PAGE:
Ottawa is mulling over its options to prevent an Air Canada strike looming next week, when many Canadians will be travelling on March break.
Federal Labour Minister Lisa Raitt issued a statement in the House of Commons on Wednesday urging both sides to return to negotiations.
“Our government is very concerned about the matter because, as pointed out, this is a high-peak travel time, especially for hard-working Canadian families during the March break,” she said. “We do encourage both parties to step back from the breach, to go back to the table and to, indeed, find their way around a work stoppage and restore confidence to the travelling public.”
She made the comments after Air Canada’s largest union served strike notice. The International Association of Machinists and Aerospace Workers will be in a position to walk off the job at 12:01 a.m. on Monday. The 8,600-member IAMAW represents mechanics, baggage handlers, cargo agents, aircraft cleaners and electricians.
“If we hit the lines, this airline is grounded,” said Dave Ritchie, the IAMAW’s Canadian general vice-president.
But some industry observers expect Ottawa to intervene to avert a strike or limit any walkout to a couple of days at most.
Robert Kokonis, president of airline consulting firm AirTrav Inc., said Ms. Raitt’s track record in 2011 suggests that Ottawa won’t tolerate a labour disruption because of the ripple effects on the Canadian economy.
Last June, Air Canada’s sales and service agents staged a three-day strike, before agreeing to a contract. The Canadian Auto Workers union reached the deal hours after Ottawa debated back-to-work legislation. The airline kept the bulk of its flight schedule intact last June by deploying managers to replace unionized staff.
In October, the Canadian Union of Public Employees, which represents Air Canada flight attendants, cancelled a planned walkout after a move by Ms. Raitt effectively rendered any threatened strike illegal.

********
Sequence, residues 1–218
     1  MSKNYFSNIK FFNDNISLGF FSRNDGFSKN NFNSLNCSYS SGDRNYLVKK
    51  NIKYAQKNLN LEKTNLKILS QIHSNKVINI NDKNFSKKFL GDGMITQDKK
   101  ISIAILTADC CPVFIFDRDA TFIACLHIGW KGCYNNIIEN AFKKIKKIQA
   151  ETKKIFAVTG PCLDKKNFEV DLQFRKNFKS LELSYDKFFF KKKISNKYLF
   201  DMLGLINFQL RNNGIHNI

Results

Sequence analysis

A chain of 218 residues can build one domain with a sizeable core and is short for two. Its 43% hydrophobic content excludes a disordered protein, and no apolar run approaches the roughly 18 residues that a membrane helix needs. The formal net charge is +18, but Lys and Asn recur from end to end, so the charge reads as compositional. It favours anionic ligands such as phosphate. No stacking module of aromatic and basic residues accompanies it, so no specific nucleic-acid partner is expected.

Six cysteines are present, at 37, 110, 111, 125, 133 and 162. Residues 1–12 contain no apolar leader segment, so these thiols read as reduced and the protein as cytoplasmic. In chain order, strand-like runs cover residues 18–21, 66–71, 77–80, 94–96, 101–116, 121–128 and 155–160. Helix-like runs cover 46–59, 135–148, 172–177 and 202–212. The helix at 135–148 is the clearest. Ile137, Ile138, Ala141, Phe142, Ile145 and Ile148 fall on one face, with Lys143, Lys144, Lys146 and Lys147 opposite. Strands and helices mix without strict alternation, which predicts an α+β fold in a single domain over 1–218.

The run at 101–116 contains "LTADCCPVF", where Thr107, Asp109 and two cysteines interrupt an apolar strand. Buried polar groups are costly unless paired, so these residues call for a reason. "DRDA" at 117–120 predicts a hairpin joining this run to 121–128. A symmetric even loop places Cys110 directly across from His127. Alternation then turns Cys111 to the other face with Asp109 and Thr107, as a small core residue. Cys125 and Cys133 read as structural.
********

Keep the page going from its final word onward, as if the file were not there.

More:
Air Canada is playing down the possibility of widespread cancellations of its flights next week. “Should a settlement not be reached and the IAMAW commences job action, the airline will endeavour to minimize inconvenience to its customers,” the country’s largest carrier said. “In the meantime, Air Canada continues to operate its normal schedule without disruption.”
Ms. Raitt didn’t specify whether she favoured arbitration or back-to-work measures or some other strategy to ward off a strike.
One of her officials later confirmed on behalf of the minister that back-to-work legislation is an option. Government officials said it was too soon to discuss the technicalities around that scenario. While formal notices to fast track back-to-work legislation remain on the official Parliamentary order paper – remnants from Air Canada’s fall labour battle with flight attendants – the government would likely have to file fresh motions for this dispute. That would mean any back-to-work legislation could not be passed until some time next week at the earliest.
While the House of Commons will be sitting next week, a break is slated for the week of March 19.
Pension reform, wages, scheduling night shifts, mandatory overtime and the role of part-time staff are among the key issues, according to IAMAW members.
On Feb. 10, IAMAW negotiators signed a four-year tentative pact, saying the deal provided “wage and premium increases, improved benefits and secures a defined benefit pension fund for the members.” But 65.6 per cent of members who cast ballots in a ratification process voted against the proposed deal. As well, 78 per cent voted in favour of a strike mandate.
Duncan Dee, an Air Canada executive vice-president, said the union’s strike notice will hit the nerves of thousands of vacation-bound customers.
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